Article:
But the value of elected commissioners is that the very act of voting someone into office will stimulate greater debate about key local crime and disorder issues. The police will become more responsive simply because the buck will now stop somewhere to ensure the public’s priorities are delivered. The police will stop being a top-down, take-it-or-leave-it-service and get with the programme about how modern public services are run.
The simple truth is that nothing ever changes in large organisations unless the job of someone at the very top is on the line. But chief constables are virtually regal figures. They are untouchable. The system can only benefit from someone looking over their shoulder. And the bottom line is that the police force is the ultimate failing public service – unresponsive, unreformed and very expensive – and long overdue for a sharp kick in the pants. For so many years they have been immune from change because of lax corporate governance and their own low cunning in keeping politicians’ tanks off their lawns. These reforms will help sweep away that rotten culture.
In fact, the faster Labour reverses out of the intellectual cu-de-sac it now finds itself in on police reform, the better. It feels a bit like the Conservatives’ reaction to the creation of the Scottish Parliament and Welsh Assembly 12 years ago. Not so much implacable opposition, more a case of foot-dragging begrudgery. It will make it harder to elect progressive figures to these crucial roles if Labour is still pulling its face about whether they should even exist.
Good riddance to flaccid police authorities. As the consultation document puts it, they are “too invisible”. They are window-dressing; pseudo-democratic cover for feudal chief constables. Their democratic value is negligible. There is no direct connection to the public – only 8 per cent of wards elect councillors who sit on police authorities. And a third of their members must be magistrates – people who, with the greatest of respect, are part and parcel of the same insular, arcane system as the police. Rather than tribunes of the people they are vassals of the constabulary.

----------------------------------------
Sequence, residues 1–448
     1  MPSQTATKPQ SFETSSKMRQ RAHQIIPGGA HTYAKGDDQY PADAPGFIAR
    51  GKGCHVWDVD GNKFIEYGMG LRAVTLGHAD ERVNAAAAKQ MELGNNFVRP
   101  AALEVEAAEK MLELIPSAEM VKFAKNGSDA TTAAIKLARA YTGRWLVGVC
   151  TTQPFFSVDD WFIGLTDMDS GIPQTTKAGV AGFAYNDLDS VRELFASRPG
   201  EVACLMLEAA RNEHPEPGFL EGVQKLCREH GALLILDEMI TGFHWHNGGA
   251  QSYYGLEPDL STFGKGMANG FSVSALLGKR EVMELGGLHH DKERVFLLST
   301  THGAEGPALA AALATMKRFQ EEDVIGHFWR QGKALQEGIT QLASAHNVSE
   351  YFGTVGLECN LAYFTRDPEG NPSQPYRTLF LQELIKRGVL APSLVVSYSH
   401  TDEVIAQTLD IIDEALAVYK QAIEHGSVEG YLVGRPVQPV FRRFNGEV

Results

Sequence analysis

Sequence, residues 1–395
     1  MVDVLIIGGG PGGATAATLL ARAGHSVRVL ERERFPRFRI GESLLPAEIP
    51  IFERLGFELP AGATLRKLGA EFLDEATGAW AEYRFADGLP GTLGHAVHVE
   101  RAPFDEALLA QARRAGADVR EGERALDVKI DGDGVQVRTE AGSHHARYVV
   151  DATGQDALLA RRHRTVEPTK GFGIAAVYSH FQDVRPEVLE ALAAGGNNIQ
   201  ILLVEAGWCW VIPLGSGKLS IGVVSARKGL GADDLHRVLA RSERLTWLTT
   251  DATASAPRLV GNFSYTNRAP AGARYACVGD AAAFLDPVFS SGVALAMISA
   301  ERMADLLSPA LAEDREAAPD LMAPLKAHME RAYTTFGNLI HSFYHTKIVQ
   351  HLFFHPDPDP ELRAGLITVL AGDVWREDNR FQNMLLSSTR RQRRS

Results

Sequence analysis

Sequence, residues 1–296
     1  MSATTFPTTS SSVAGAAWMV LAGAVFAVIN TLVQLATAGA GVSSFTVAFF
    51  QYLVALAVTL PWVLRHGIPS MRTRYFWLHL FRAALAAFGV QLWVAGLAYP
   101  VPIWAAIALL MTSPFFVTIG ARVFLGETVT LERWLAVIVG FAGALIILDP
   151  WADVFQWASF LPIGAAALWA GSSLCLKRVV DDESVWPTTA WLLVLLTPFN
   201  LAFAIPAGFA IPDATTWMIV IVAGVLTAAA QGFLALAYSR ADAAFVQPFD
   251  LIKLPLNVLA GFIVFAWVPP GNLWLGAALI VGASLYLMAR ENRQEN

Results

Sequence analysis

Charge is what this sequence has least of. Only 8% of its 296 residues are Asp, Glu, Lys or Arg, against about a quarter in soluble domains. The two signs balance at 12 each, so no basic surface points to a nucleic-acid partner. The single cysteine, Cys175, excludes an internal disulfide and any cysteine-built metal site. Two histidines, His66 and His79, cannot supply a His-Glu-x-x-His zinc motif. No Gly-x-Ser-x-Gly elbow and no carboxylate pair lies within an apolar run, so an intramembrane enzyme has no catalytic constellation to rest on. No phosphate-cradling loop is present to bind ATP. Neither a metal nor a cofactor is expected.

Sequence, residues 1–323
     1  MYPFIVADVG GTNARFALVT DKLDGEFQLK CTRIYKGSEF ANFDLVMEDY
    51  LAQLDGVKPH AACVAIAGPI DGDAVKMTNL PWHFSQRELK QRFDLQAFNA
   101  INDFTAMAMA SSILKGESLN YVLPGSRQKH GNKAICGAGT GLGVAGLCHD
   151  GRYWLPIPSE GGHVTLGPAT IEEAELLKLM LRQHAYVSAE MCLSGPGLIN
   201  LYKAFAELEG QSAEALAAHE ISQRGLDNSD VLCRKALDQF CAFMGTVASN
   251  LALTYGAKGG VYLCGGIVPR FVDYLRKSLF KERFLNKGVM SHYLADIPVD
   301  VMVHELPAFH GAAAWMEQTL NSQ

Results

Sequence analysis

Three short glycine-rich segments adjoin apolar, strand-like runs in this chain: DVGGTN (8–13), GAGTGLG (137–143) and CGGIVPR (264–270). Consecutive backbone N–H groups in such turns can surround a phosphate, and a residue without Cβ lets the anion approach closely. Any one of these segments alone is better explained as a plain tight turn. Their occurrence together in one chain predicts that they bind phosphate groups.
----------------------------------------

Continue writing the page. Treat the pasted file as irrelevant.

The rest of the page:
The fact that greater democratisation of the police service was a clear manifesto commitment of both the Conservatives and Liberal Democrats, means that this reform is going to happen, despite the police being adept at shutting the window on the winds of change in the past.
The response of the Association of Chief Police Officers (ACPO) is markedly more diplomatic from the previous silly sabre-rattling of their president, Sir Hugh Orde, who predicted that chief constables would resign in protest if this reform went through. ACPO now says it needs to “examine in detail the government’s proposals for maintaining operational independence against the practical reality of directly-elected Police and Crime Commissioners”.
Meanwhile, the usually excitable Police Federation which represents rank and file officers, is even more sanguine, saying:
“The Federation is not against the proposal for elected commissioners but we would urge detailed consideration and a firm business case.”
Tellingly, the Association of Police Authorities has not been able to steel itself to comment yet.
In our post-ideological political times ideas become increasingly fluid. There are still many issues to oppose this government over. But elected Police and Crime Commissioners should not one of them.